For democratic countries, Lorenz-Spreen and colleagues continue,

evidence clearly indicates that digital media increases political participation. Less clear but still suggestive are the findings that digital media has positive effects on political knowledge and exposure to diverse viewpoints in news.

On the negative side, however:

Digital media use is associated with eroding the “glue that keeps democracies together”: trust in political institutions. The results indicating this danger converge across methods. Furthermore, our results also suggest that digital media use is associated with increases in hate, populism, and polarization.

Their conclusion: “Our results provide grounds for concern. Alongside the positive effects of digital media for democracy, there is clear evidence of serious threats to democracy.”

The destructive power of polarization is not limited to social media. Take the case of laws and regulations requiring transparency of government proceedings to empower the public to fight corruption and special interest influence.

In “Transparency’s Ideological Drift,” a 2018 article in the Yale Law Journal, David Pozen, a law professor at Columbia, wrote:

Transparency (or publicity), in short, was an explicit centerpiece of the progressive program to invigorate and professionalize government while enhancing economic competition and fairness. United by their discontent with Gilded Age plutocracy and their insistence on state solutions, progressive lawyers, activists, journalists, and politicians embraced transparency as a means of limiting the excesses of both private corporations and the public servants responsible for overseeing them.

Since then, Pozen wrote by email,

Partisan polarization has been both a cause and consequence of transparency’s disappointing track record. Rising levels of polarization have exacerbated the negative effects of transparency by increasing the cost to politicians of being seen to deviate from partisan scripts.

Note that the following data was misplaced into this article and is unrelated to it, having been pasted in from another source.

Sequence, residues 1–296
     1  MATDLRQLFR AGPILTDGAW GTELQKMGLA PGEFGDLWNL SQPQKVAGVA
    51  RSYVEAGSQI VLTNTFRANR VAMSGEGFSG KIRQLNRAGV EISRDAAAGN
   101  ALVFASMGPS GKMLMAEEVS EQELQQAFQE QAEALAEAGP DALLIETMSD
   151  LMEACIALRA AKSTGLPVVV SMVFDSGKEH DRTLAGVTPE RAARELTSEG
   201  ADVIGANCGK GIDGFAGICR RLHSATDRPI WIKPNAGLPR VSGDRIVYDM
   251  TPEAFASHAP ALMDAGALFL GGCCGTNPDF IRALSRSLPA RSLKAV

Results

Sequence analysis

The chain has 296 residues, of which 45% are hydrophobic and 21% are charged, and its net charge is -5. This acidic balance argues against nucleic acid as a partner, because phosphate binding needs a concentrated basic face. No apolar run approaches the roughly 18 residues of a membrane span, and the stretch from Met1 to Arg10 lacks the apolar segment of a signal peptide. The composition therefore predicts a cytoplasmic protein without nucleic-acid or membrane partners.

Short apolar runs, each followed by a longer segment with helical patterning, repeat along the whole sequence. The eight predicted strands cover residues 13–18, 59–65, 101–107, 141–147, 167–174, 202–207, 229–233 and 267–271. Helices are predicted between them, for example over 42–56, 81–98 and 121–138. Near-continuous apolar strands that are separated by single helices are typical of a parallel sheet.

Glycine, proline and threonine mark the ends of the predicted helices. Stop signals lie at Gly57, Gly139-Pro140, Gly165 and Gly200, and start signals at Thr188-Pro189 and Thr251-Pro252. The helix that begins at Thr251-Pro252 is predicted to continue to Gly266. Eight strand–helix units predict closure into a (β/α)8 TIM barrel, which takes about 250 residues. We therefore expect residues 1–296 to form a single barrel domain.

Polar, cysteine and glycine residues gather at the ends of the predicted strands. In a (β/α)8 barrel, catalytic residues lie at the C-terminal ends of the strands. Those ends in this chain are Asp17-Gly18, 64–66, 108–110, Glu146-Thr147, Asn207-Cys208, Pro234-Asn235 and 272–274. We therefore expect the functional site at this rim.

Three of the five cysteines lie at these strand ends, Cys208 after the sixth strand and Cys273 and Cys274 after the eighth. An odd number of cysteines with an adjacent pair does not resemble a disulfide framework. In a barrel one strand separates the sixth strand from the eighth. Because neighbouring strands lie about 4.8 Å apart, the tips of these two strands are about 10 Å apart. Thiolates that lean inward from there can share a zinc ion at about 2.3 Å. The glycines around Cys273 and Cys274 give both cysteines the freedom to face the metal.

Pozen elaborated:

Transparency mandates, in turn, have exacerbated polarization by creating a less favorable climate for congressional deal-making and by empowering the extremes within each party coalition. Because the contemporary Republican Party is much less legislatively ambitious, and much happier with gridlock, these dynamics harm Democrats more than Republicans.

Or look at another mainstay of American democracy, federalism. In “Laboratories of Democracy,” which was published in 1988, David Osborne, a journalist and senior fellow at the Progressive Policy Institute, described how state governments had become engines of beneficial innovation and change. Thirty-four years later, Jacob Grumbach, a professor of political science at the University of Washington, has a very different perspective in “Laboratories Against Democracy: How National Parties Transformed State Politics.”

Grumbach argues that polarization has, in effect, turned state governments into “laboratories of democratic backsliding.”

In his book, Grumbach writes:

Rather than ushering in a democratic responsiveness, social harmony and economic prosperity, the shift in policymaking from the national to the state level since the 1970s has coincided with the weakening of democratic institutions, the precipitous rise of economic inequality and growing mass polarization and discontent.

Indeed, Grumbach argues, “contrary to the hopes of Louis Brandeis, state governments may not be ‘laboratories of democracy’ but laboratories against democracy.”

In an email, Grumbach described the thesis of his book: